December 12, 2005


TETSUJIN 28 (2004) - Volume 1
Hong Kong DVD release

This 2 DVD set includes episodes 1 to 13 of the newly re-imagined Japanese anime, remade for the fortieth anniversary of this classic story.

Also known in America as GIGANTOR, this is the story of a leftover giant robot, a weapon from WWII, now in the hands of Shotaro, the young son of its original inventor. The series is set in 1950's post-war Japan. Shotaro is something of a boy detective, who uses the Iron Giant to fight crime, and these adventures often lead to him fighting other giant robots.

Like the new ASTRO BOY series, TETSUJIN 28 appears childish at face value, but the stories are so serious, its themes so anguished, that I'd certainly hesitate in recommending it for pre-teens. The series constantly examines the physical and psychological problems faced by the Japanese people after the war, often through imaginary situations. There were no giant robots built during the war, but these plot devices mean that the moral implications for the inventors are examined. Other stories look at human medical experiments, American mobsters, and space exploration technology derived from rocket weaponry. Each story often involving a large amount of tragedy and suffering, in keeping with the subject matter. The stories are well told, dramatic and pacey. The animation veers between simple and spectacular - the rainy tableau for instance are quite beautiful - the action scenes are imaginative and suitably gigantic. I'm enjoying the series, but have got to be braced for the utterly downbeat aura of most episodes.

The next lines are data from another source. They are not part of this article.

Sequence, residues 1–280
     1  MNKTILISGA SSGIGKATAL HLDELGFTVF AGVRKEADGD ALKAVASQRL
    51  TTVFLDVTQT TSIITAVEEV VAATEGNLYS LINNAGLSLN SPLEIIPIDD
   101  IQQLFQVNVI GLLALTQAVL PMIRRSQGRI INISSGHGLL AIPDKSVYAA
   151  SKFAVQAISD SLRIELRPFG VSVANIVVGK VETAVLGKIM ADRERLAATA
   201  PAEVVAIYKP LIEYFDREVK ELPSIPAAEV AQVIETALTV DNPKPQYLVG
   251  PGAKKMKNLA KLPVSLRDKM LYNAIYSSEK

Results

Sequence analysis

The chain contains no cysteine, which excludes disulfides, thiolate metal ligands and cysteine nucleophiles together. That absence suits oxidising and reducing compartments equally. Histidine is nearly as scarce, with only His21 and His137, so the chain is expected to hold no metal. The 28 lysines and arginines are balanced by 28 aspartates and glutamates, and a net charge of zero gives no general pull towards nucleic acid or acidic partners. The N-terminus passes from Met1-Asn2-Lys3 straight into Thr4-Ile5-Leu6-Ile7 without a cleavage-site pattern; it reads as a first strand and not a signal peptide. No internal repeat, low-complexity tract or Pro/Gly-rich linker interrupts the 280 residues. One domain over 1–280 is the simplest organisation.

This DVD set from Hong Kong has split the 26 episode series into two volumes (the first is pictured here). It's reasonably priced, but has several drawbacks - as usual the quality of the english subtitles range from good to poor, in terms of translations. I often felt I was missing plot points, and there was no distinction made between lines spoken by different characters - it's just presented as a block of text - you have to work out which line is spoken by whom.

The other shortcoming of the set is that it has been cropped from the original 16:9 widescreen down to 4:3 fullscreen, severely chopping the compositions, and often cutting characters in half down the edge of the frame.

For these reasons, I'll be waiting for other future releases - the USA is gradually releasing the series at the moment - with Japanese or English audio tracks, and in widescreen. Also, hopefully the 2006 UK release will use the same specifications.

The story's popularity meant that Japan recently also made a live action movie of TETSUJIN 28 - it's currently available on DVD in Japan, but without english subtitles. So again I'm hoping for a promised UK release of the movie on DVD sometime in 2006.


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